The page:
Food advertisement influences food decision making and not nutritional status: a study among university students in Ghana

BMC Nutr. 2022 Aug 1;8(1):72. doi: 10.1186/s40795-022-00571-2.


Background: Consumers are exposed to a wide range of advertisements through different channels daily, which tends to have an influence on their food decision making. The aim of this study was to evaluate the different forms of food advertisements students are exposed to on campus and how they influence their food choices and nutritional status.

Methods: This cross-sectional study was conducted to find out the influence of different forms of food advertisements on students' food choices and nutritional status. A self-reported semi-structured questionnaire was used to elicit responses from 367 students. About 51.5% of the students were females and 48.5% males. Body Mass index (BMI) was derived from weight and height measured according to standard procedures. Data was analysed and presented as frequencies and percentages. Chi-square was used to determine association between categorical variables (socio-demographic characteristics, food choices and nutritional status).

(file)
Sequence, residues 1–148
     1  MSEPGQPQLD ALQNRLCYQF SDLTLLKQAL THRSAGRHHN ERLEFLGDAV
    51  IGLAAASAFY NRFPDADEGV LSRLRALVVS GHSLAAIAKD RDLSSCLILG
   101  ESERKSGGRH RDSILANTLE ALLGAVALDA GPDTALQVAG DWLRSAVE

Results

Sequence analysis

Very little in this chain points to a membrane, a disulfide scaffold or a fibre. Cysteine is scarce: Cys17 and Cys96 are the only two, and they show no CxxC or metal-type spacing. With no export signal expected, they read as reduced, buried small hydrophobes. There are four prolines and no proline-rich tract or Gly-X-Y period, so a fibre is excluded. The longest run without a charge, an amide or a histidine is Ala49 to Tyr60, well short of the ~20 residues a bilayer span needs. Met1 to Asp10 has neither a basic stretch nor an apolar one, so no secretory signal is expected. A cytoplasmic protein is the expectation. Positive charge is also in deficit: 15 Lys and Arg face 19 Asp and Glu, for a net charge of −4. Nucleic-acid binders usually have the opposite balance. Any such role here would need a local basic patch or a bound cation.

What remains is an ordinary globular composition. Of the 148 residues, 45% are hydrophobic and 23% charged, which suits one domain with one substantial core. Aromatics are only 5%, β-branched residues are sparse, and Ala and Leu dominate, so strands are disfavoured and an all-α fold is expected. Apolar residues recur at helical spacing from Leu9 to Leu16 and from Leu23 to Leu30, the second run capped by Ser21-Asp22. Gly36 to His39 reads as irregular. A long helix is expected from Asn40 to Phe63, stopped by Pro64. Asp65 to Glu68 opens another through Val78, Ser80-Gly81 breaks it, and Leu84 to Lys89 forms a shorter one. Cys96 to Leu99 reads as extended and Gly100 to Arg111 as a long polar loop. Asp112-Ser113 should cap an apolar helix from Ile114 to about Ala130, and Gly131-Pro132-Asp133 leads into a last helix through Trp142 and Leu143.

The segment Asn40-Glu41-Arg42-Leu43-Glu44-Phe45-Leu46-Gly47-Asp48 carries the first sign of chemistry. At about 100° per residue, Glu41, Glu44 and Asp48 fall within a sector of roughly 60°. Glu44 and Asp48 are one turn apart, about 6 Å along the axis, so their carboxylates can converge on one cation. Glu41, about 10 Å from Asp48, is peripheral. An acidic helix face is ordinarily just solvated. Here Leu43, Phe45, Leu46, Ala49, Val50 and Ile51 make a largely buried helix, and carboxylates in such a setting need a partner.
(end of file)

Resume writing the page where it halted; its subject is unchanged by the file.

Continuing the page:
Results: The students reported 'use of internet' (58.9%) as the main source of food advertisement on campus, followed by television (21.0%). A large number of students (74.9%) were affirmative about food advertisements influencing their food decision making. Those with poor nutritional status (underweight, overweight and obese) were more likely to patronize sugar sweetened beverages (10.1%) as compared to fruits and vegetables (1.4%). There was statistical significance (p = 0.003) for type of food patronized due to advertisement and the source of advertisement. However, there was no statistical significance (p = 0.832) for type of food patronized due to advertisement and BMI of students.

Conclusion: Owing to the increased patronage of internet and television as channels of food advertisements by students, policy makers should prioritize the designing and implementation of intervention programmes through these channels that would influence healthy food decision making and promote consumption of nutrient rich foods. As this population has high self-reported advertisements' influence on food choices, it is vital to investigate further the influence of contextual cues such as environment and advertisement on their eating habits and dietary patterns.

Keywords: Body mass index; Food advertisement; Food decision making; Ghana; Internet; Students; Television.